- Prior to the submission of the application, work to restore the monument may not have begun.
How many tax costs can I deduct for a listed building in 2011 and 2012?
I will give you two calculation rules for the tax deductibility of the costs of refurbishing a monument. For when the monument is also your own home and when it is your second property:
calculation rule for own home
The formula for a monument as a main residence is the following: F = K- 0.0075*W where: F = Tax deductible amount. K = costs for maintenance or conservation. W = WOZ value. It may look a bit complicated, but the bottom line is that you can deduct the costs minus 0.75% of the appraised value according to the Real Estate Valuation Act.
calculation rule for second home
A second home comes in box 3 of the income tax. The tax authorities assume that you make a return of 4% on your assets, for which you must correct. This gives the following formula: F = K- 0.04*E where: F = Tax deductible amount. K = costs for maintenance or conservation. E = Economic value. So you take the costs of maintenance and improvements and reduce them by 4 percent of the economic value of your second home.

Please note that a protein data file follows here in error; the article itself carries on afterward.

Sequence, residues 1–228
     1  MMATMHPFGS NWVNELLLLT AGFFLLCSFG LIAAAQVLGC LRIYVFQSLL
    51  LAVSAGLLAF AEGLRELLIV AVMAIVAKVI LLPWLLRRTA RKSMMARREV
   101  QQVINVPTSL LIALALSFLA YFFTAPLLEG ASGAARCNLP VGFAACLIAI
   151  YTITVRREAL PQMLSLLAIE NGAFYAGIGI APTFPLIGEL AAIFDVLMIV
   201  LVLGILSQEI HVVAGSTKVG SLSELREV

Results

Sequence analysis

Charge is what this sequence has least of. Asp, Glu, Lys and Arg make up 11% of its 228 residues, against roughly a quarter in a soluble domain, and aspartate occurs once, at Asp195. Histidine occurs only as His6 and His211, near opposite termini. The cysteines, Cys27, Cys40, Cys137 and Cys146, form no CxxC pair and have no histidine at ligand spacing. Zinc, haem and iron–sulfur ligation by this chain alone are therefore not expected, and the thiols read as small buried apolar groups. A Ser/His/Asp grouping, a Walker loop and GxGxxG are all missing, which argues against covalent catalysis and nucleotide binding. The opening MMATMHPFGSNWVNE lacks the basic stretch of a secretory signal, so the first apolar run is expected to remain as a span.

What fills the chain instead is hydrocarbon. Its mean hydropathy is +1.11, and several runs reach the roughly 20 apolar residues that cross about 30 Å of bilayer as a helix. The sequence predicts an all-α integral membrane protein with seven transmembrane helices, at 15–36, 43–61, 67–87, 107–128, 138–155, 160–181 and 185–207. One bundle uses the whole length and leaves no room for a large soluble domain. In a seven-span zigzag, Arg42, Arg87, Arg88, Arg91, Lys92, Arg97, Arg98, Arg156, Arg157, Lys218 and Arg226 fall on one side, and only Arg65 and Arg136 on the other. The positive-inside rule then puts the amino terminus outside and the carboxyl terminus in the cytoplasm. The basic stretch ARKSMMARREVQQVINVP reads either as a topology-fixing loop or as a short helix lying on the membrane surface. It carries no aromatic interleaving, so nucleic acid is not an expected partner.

How much is the tax deduction for a national monument in 2013?
The options for a large tax deduction have been further limited in 2013:
- deduction National Monument 2013, income tax;
Anyone who buys a national monument also buys all kinds of tax benefits. You are bound by different rules than the owner of a normal owner-occupied home, but you can also benefit from them. Always make sure you are well informed about the possibilities of the property you have in mind. From 2011 and 2012 onwards, make use of the simplified subsidies from the BRIM and the tax benefits, such as the reduced transfer tax until July 1, 2012. This will end in 2013.